He says this year is especially exciting because six of the 12 finalists are brand-new to the final round.


The ribbon was cut on the redesigned passenger security checkpoint at the Greater Rochester International Airport Wednesday morning.

Monroe County Executive Cheryl Dinolfo unveiled the new checkpoint as part of the ongoing renovations

"Not only does it look better, not only does it feel better, it functions better as well and that’s incredibly important."

The new space has six lanes, which is the same as before, but they are now wider and more flexible.

What happens to the butter sculpture at the New York State Fair once the event is over? Well, for the third year, it will be recycled and used for electricity.

Following its 13-day stint at the State Fair, the 50th annual butter sculpture was deconstructed, plopped into garbage bags and sent west, to Noblehurst Farms in Livingston County.

Here, it will be recycled into energy. Market Area Manager of the dairy farm Michel Boerman says they have been producing biogas energy with area food waste and manure since 2014.


Countless parents across New York are purchasing new school supplies for students.

But Senator Chuck Schumer is calling on the government to regulate toxic chemicals in school supplies.

Multiple reports by non-profits and consumer advocacy groups have raised concerns that popular back-to-school supplies contained dangerous levels of toxic chemicals.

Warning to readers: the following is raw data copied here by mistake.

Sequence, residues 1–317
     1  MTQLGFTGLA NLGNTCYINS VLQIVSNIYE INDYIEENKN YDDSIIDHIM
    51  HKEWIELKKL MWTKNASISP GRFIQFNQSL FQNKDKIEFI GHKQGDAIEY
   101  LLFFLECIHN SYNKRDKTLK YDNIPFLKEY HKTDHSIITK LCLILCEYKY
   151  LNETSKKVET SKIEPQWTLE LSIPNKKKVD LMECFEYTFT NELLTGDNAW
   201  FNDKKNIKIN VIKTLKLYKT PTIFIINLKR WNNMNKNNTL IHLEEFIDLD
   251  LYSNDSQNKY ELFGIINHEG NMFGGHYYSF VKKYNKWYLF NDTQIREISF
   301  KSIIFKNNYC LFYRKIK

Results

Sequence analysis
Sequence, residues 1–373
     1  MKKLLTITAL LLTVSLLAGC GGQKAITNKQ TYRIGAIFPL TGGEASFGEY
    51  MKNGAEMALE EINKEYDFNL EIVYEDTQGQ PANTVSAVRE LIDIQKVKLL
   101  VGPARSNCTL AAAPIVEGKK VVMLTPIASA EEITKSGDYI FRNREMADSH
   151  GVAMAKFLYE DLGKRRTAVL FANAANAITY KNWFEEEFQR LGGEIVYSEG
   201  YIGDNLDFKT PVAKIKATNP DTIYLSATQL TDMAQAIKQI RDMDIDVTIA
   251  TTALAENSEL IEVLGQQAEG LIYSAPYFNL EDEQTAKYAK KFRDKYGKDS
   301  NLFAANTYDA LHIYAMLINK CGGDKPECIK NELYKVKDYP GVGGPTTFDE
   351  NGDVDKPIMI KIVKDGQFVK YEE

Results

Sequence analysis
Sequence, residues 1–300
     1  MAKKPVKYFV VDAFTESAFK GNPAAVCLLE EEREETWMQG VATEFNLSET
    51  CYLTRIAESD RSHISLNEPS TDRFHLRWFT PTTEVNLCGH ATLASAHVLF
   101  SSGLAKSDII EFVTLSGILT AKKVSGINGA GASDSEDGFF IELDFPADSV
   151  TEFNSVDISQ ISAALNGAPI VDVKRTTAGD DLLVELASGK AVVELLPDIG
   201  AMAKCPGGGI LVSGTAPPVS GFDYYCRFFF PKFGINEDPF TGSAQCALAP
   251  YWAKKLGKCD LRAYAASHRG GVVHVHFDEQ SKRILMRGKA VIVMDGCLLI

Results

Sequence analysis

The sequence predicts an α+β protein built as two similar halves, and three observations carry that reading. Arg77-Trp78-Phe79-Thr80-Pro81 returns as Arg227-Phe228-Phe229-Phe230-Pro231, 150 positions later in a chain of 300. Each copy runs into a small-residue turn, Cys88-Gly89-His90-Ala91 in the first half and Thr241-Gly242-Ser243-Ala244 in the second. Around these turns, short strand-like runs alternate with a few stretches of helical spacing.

He says the results of an independent report from US PIRG were alarming.

The Cumming Nature Center is a little oasis about an hour south of Rochester. With miles of quiet trails through swamplands and towering pine trees, it’s a great place to talk about citizen science.

So what exactly does that term mean?

Nathan Hayes, the director of the nature center, says its the “crowdsourcing of scientific information. Multiple people all over the place putting the puzzle pieces together to get the picture.”

There is so much information to collect, Hayes says, that scientists alone can’t do it all. That’s where the rest of us can help. He says people can get involved and collect valuable information wherever they may be.

“We can study -- we should study -- these woods, and not worry about the Amazon. I mean, worry about the Amazon, but you don’t have to go away to contribute to important scientific base of knowledge, you can do it in your backyard.”


Between the 25 cent milk and funnel cake, Narcan training will also be available at the New York State Fair.

This is the first time the opioid reversing drug will be available at the fair, with trainings every day, provided by the state Office of Alcoholism and Substance Abuse Services.

Rob Kent is the General Council at that office, and says even though its unusual setting, New Yorkers need to be aware that “we’re in a major crisis here with opioids."

He says it’s just another way to get the lifesaving drug into the hands of more New Yorkers.